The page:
# Generative testing

The generative testing idea was initially implemented in a Haskell library called QuickCheck built by John Hughes and Koen Claessen at 1999. You can find the original paper here.

In the generative testing approach, the programmer provides specifications that a function should satisfy; then the test runner randomly generates test cases that attempts to falsify the provided specification. Once such a test is found, the input data is simplified to a minimal failing subset. (The process of reducing the failing input to a minimal subset is also known as shrinking).

Why does it matter?

When writing tests for a function you usually create no more than 3 to 5 different tests for it, but with generative testing, you can quickly generate thousands, and that exploratory behavior tends to find unpredicted scenarios. Also, is more comfortable to auto-generate tests than write them, just imagine how many input variations some functions could assume: negative, zero, empty, nil, one, many, etc.

The following examples will use the Clojure library test.check, see their website for more information.

## Caesar cipher

To illustrate the usage of generative testing and how powerful it is, we will implement the Caesar cipher encryption.

```
(defn caesar-cypher [op text shift]
(->> text
(mapv #(-> % int (op shift) (mod 123) char))
(apply str)))
(def encrypt (partial caesar-cypher +))
(def decrypt (partial caesar-cypher -))
```

Now let’s define the properties that our functions should hold. In that case, the decryption of an encrypted message should match the original text.

```
(require '[clojure.test.check :as tc]
'[clojure.test.check.generators :as gen]
'[clojure.test.check.properties :as prop])
(def caesar-cipher-property
(prop/for-all [v gen/string-alphanumeric
n gen/int]
(= v (-> v (encrypt n) (decrypt n)))))
```

As you can see we have two generators, one to the message (alphanumeric string) and one to the shift (int).

```
(tc/quick-check 1000 caesar-cipher-property)
=> {:result true, :pass? true, :num-tests 1000, :time-elapsed-ms 93, :seed 1538443015722}
```

The result shows to us that 1000 random tests were made and all of them passed. But if we change our text generator to be a string and not be limited to alphanumeric values, we should see an error as the implementation is not ready for special characters.

```
(def caesar-cipher-property
(prop/for-all [v gen/string
n gen/int]
(= v (-> v (encrypt n) (decrypt n)))))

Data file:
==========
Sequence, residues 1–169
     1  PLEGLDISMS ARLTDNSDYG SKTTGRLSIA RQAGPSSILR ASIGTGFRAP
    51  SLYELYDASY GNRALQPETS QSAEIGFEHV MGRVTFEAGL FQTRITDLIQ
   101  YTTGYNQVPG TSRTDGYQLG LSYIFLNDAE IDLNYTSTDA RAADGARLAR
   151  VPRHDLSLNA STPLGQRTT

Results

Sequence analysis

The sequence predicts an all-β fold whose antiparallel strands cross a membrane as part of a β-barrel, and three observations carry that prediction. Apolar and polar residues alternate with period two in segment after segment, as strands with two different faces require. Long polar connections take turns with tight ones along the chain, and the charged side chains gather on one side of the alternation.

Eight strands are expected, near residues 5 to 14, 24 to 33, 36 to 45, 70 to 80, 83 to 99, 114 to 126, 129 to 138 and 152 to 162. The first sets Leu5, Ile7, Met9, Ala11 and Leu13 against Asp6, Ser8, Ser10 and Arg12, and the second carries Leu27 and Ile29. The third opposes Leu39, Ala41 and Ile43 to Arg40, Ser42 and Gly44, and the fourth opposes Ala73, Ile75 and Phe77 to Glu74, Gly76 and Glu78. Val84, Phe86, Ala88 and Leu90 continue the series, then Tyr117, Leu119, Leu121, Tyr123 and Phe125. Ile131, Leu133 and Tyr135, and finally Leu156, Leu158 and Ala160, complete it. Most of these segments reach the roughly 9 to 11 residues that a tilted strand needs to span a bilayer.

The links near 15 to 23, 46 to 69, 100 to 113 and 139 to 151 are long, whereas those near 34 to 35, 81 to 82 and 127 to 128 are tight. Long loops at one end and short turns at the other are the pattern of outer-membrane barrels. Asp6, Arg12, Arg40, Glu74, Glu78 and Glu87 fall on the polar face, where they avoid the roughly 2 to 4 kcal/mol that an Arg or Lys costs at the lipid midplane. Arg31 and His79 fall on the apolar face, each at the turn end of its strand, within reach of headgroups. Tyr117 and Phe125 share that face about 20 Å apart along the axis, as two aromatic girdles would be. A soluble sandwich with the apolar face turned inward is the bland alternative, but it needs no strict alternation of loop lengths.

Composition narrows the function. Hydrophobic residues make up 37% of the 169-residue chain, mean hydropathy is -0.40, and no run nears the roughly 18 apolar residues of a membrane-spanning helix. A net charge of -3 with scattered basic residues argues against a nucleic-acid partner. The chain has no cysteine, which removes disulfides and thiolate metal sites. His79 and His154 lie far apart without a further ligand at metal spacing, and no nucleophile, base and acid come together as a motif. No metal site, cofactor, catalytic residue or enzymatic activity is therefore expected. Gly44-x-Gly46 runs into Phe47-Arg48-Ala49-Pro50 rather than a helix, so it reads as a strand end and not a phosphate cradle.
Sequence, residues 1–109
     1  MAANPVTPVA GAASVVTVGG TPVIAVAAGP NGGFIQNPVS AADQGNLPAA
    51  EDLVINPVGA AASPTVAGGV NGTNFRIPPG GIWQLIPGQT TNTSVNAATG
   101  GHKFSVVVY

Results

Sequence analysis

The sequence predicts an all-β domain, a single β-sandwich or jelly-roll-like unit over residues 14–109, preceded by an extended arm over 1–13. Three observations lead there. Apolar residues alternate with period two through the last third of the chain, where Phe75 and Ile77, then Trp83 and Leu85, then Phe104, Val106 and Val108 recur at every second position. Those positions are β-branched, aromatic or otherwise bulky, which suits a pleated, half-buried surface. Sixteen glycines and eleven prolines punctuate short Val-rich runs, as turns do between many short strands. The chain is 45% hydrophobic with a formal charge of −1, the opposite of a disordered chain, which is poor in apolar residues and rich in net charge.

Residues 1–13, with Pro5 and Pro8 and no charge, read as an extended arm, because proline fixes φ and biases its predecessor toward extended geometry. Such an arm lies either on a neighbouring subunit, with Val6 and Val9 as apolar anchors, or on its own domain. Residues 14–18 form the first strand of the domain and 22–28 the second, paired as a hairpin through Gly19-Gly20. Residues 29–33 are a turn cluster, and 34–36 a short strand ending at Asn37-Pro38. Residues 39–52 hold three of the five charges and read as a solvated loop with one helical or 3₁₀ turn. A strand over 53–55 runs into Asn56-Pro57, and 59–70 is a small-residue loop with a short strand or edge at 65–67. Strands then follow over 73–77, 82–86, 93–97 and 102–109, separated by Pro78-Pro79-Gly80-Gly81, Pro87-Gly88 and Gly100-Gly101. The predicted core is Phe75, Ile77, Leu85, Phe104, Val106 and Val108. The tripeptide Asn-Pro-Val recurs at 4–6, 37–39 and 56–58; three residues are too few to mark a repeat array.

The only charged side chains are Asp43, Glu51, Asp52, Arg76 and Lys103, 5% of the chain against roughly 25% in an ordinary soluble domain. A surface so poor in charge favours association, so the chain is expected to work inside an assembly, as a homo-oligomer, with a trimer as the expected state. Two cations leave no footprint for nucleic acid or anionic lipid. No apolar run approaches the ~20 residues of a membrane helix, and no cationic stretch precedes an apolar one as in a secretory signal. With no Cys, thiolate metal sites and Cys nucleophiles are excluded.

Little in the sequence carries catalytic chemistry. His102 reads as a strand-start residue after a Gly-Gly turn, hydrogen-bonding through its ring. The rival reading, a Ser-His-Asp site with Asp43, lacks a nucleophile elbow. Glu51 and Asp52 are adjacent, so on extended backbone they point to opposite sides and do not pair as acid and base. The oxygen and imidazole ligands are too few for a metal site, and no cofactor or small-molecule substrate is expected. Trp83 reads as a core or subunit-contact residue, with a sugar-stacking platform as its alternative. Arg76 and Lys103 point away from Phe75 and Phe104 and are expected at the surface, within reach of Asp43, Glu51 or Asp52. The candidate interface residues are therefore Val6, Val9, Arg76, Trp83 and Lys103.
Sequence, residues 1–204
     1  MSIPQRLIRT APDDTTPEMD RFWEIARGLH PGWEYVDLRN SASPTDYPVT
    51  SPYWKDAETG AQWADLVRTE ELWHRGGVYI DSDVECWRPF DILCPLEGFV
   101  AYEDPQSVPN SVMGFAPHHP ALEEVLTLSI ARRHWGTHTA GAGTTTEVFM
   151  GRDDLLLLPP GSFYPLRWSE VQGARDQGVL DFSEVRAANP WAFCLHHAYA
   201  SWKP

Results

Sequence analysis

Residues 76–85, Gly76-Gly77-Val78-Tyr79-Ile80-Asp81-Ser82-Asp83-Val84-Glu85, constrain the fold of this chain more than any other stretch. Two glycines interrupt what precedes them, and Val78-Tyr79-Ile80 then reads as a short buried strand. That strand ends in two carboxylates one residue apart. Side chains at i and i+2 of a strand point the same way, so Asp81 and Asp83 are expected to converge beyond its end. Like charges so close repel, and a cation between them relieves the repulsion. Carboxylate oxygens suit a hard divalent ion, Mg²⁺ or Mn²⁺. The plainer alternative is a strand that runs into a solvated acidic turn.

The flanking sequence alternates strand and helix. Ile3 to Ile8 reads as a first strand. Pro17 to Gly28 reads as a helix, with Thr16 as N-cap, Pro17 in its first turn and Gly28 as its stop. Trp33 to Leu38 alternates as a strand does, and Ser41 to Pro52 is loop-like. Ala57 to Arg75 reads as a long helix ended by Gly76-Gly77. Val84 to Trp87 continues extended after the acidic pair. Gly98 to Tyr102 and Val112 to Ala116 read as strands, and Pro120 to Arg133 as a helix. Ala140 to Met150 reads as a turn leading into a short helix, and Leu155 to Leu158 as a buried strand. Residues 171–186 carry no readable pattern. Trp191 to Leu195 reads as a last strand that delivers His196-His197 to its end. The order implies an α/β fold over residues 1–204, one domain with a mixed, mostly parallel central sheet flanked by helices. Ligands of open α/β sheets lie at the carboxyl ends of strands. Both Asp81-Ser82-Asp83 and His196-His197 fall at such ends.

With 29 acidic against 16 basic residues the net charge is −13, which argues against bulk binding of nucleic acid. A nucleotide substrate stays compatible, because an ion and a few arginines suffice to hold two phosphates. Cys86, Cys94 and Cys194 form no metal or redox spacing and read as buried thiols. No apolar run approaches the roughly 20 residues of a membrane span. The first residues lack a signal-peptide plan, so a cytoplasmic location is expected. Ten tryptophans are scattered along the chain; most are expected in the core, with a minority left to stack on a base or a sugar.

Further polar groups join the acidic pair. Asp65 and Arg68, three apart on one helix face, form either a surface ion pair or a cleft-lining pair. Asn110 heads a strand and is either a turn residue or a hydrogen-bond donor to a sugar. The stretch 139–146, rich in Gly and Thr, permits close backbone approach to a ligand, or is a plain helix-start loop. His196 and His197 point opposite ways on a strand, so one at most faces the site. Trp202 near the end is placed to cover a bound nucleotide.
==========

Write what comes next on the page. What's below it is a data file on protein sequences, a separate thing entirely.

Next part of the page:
(tc/quick-check 1000 caesar-cipher-property)
=>
{:shrunk {:total-nodes-visited 44,
:depth 6,
:pass? false,
:result false,
:result-data nil,
:time-shrinking-ms 2,
:smallest ["" 0]},
:failed-after-ms 0,
:num-tests 5,
:seed 1538443511706,
:fail ["Ç" 3],
:result false,
:result-data nil,
:failing-size 4,
:pass? false}
```

After 5 test cases the property specification was invalidated with the input `["Ç" 3]`

. The minimal failing subset is demonstrated inside `:shrunk`

.

So let’s change it to accept all the ASCII table values and test it again.

```
(defn caesar-cypher [op text shift]
(->> text
(mapv #(-> % int (op shift) (mod 256) char))
(apply str)))
(def encrypt (partial caesar-cypher +))
(def decrypt (partial caesar-cypher -))
(def caesar-cipher-property
(prop/for-all [v gen/string
n gen/int]
(= v (-> v (encrypt n) (decrypt n)))))
(tc/quick-check 1000 caesar-cipher-property)
=> {:result true, :pass? true, :num-tests 1000, :time-elapsed-ms 63, :seed 1538444040938}
```

Now the implementation is working for any valid character.

## Flatten

In order to give another example, we will test the `clojure.core/flatten`

function. To do so, we specify a generator that creates nested lists of Integers.

```
(def nested-lists-gen (gen/list (gen/list gen/int)))
;; generating 3 random samples
(gen/sample nested-lists-gen 3)
=> (() ((-1)) (()))
```

With the generator in hands, we define the property spec, asserting that after test.check apply the generated value to `flatten`

it returns a list of Integers.

```
(def flatten-property
(prop/for-all [v nested-lists-gen]
(let [r (flatten v)]
(every? integer? r))))
(tc/quick-check 100 flatten-property)
=> {:result true, :pass? true, :num-tests 100, :time-elapsed-ms 109, :seed 1538445795665}
```

As expected the `flatten`

function property holds the specification.

## Going further

The test.check has much more complex properties than those you’ve seen here, feel free to extend the examples and try it by yourself.

Some sources for further reading:

Til next time,

Felipe Beline Baravieira
at 00:44